Next week the Seahawks will be trying to repeat their Super Bowl victory from last year. Four years ago, in 2011, Pete Carroll (Head Coach) introduced his team to meditation and ever since he has encouraged all the players to meditate regularly. Carroll believes that mediation has been a key reason for their consistent high performance. He is not alone. Many professional and college athletes, including scientific researchers, have found that mediation helps increase focus, decrease stress, and elevate performance.
The practice of meditation has been around for centuries and is an excellent way to reduce tension and quiet the mind. When our mind is calm we are in a better place to meet the challenges of the day, maintain a healthy perspective, and perform at our best. Conversely, when we are caught up in turmoil and our mind is flooded with disturbing thoughts, it is difficult to think clearly and take appropriate action.
So whether you're an NFL quarterback with the Super Bowl on the line or giving a presentation at work, having calm nerves and a quiet mind are crucial to performing well.
If you are experienced at meditation you already know the benefits. But if you are new to the practice and or want give meditation a try, here are five guiding steps to help you get started:
1) Find a quiet place and sit in a chair with your back comfortably straight, shoulders relaxed, and chest open—this natural position helps your breathing. Place your feet flat on the floor with your knees and feet about hip width apart. You can place your hands on your lap either apart or together with the palms facing down or up, whichever feels most comfortable. With your eyes closed begin noticing your breath. Become aware of yourself, of your presence in the chair. Notice any place on your body where you are feeling tension and release it.
2) If you happen to be feeling a lot of tension throughout the body, a good way to release it is by momentarily tightening each zone of the body. For example, after you inhale deeply to a count of 6, hold your breath and count to 3 in your mind while tightening your hands in a fist. Then, as you slowly exhale, release the tension in your hands. I like to do this tension release process through each zone of my body. I usually start with my feet by curling my toes, next flexing my legs, then tightening the stomach muscles, arms and hands, shoulders, and face (you can tighten your face muscles by scrunching your face and piercing your lips). Tighten one zone at a time as you hold your breath for a count of 3 and then release on the exhale. You will find that your body will relax more and more with each deep breath and muscle release.
3) Now just simply relax and breathe. Make sure you breathe through your belly allowing it to expand and contract with each breath. Breathing through the belly enables your lungs to fill completely with oxygen which helps you relax. While exhaling you can repeat in your mind a peaceful phrase like “I am at peace with all things,” or any other statement or word that is calming to you.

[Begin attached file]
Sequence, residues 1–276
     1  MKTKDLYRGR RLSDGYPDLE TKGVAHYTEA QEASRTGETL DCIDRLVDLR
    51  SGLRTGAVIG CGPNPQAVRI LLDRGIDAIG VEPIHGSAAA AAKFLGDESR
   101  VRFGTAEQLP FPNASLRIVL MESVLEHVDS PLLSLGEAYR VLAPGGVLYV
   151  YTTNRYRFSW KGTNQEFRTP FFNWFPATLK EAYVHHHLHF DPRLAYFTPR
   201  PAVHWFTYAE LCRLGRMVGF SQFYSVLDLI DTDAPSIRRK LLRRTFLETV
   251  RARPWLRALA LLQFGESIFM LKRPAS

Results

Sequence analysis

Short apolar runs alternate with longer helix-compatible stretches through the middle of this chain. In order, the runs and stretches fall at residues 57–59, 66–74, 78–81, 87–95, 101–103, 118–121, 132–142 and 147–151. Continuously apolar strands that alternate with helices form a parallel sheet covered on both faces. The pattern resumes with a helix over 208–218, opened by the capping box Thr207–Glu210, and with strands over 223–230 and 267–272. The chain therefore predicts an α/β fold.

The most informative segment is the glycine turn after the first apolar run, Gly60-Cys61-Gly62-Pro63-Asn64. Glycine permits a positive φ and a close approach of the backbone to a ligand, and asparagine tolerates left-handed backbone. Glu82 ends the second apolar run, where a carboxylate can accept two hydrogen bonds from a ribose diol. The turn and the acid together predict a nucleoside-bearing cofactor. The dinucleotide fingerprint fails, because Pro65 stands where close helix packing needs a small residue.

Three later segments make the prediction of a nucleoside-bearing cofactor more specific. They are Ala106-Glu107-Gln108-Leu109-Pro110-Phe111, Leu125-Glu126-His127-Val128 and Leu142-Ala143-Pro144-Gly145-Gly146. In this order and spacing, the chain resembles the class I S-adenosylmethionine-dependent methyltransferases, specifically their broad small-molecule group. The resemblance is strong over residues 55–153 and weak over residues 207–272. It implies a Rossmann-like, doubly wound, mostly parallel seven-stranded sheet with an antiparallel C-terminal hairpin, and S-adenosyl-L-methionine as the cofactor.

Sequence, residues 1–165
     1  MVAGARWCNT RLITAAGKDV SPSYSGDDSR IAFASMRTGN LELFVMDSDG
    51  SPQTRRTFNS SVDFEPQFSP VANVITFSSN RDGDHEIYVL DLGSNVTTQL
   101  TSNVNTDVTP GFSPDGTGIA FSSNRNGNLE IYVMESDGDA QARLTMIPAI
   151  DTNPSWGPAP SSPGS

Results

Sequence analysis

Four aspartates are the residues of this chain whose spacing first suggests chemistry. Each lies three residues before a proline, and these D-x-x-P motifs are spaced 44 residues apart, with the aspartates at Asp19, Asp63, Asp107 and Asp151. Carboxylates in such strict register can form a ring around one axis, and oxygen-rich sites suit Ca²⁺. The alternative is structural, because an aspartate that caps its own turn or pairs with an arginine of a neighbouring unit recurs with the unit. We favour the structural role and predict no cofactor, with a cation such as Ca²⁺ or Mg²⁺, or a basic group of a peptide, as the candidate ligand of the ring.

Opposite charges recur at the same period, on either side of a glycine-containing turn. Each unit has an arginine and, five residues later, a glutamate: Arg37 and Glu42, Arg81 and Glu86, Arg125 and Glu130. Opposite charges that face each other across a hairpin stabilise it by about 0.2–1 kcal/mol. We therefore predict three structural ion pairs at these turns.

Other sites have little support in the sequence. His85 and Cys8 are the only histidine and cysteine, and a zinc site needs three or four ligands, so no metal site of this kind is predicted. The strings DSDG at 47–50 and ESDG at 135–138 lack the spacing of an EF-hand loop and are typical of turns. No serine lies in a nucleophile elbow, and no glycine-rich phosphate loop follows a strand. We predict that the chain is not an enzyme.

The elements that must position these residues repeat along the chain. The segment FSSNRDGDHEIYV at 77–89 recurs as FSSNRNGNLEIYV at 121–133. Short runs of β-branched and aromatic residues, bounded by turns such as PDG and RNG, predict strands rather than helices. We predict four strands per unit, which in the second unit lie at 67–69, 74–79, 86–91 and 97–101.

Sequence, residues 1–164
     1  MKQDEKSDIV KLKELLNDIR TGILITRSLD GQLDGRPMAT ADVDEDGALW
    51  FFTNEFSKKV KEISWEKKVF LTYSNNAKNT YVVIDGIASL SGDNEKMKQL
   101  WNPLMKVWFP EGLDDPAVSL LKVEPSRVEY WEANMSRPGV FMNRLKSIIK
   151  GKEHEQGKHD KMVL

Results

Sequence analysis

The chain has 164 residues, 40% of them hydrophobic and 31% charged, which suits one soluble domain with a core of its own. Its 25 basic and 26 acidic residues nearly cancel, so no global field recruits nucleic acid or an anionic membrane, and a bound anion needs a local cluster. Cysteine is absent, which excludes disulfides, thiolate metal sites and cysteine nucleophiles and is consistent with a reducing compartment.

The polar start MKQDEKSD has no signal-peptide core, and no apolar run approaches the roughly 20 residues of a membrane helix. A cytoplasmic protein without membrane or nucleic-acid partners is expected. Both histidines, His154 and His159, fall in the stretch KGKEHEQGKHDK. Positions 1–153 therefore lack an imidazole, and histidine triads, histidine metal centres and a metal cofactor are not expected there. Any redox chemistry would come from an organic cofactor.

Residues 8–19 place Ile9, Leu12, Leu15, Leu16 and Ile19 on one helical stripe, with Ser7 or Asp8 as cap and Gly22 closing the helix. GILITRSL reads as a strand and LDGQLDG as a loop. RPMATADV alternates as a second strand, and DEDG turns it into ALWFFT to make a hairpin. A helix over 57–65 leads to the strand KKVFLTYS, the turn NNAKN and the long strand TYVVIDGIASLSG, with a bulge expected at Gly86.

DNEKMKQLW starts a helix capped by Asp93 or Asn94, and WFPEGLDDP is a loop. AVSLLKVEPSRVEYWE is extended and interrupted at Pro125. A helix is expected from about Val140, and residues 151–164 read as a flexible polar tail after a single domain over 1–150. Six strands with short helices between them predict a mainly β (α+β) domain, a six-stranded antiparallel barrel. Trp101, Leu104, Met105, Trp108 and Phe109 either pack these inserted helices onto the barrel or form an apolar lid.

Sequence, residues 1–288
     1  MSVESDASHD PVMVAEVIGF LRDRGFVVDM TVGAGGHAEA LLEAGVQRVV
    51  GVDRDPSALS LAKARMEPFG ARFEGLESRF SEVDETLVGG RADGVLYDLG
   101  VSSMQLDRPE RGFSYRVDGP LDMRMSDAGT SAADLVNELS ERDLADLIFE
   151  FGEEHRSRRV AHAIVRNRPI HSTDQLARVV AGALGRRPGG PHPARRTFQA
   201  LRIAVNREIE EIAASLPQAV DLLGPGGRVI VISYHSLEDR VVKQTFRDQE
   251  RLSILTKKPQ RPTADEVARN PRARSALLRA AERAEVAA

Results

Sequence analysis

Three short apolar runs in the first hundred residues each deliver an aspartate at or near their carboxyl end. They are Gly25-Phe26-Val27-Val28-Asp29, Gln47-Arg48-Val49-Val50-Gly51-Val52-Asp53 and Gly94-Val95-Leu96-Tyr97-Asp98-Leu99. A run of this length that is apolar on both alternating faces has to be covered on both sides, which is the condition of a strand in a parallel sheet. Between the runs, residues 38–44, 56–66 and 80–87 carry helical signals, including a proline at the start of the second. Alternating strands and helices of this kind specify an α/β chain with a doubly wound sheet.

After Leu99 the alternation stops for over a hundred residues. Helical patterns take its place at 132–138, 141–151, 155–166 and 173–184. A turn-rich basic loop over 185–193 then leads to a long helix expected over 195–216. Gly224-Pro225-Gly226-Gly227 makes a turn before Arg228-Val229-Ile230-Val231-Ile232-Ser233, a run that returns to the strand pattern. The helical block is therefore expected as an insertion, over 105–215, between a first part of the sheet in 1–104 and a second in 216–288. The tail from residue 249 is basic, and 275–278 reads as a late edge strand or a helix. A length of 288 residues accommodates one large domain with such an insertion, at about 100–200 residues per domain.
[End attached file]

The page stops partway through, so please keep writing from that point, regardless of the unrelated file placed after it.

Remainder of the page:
4) Notice your breath as it enters and leaves. Be present with yourself. Whatever thought that may come into your mind just notice it without judgment and simply refocus your attention on your breath. If you find you are being overly distracted with intruding thoughts, counting your breaths is a good way to quiet your mind. On the in-breath, count “one,” on the out-breath, count “two”, in-breath, “three,” and so forth. Count this way up to ten and then start again at one.
5) Stay with this meditative state for a few minutes or for as long as you like. When you are ready, take a deep breath and gently open your eyes.
Meditation does require patience, discipline, and practice but over time you will get better at it and begin to experience some of the benefits including:
- Finding inner peace
- Having a more open, vibrant heart
- Accepting life as it comes on its own terms
- Improving stress-related health issues (e.g. anxiety, depression, high blood pressure)
- Becoming more in tune with your true self
- Improving performance in all areas of your life!
When we meditate we are actually moving into Alpha and Theta brainwaves—this is when the mind is most peaceful and happy. The press of daily life gets our brainwaves out of the preferred Alpha and Theta state. Meditation is like feeding the brain the essential diet it thrives on.
(excerpt from my book Thriving in Turbulent Times)
2/27/2015 06:48:40 am
The Seahawks could of used a bit more meditation practice to stay calm in the clutch...they blew that last play call and cost them the game.
Leave a Reply.
John's passion is in helping people get unstuck so they can experience their true potential. Before starting his own practice he spent 16 years coaching, consulting, and presenting to Fortune 500 companies, teams, and individuals on how to breakthrough their barriers and magnify their talents.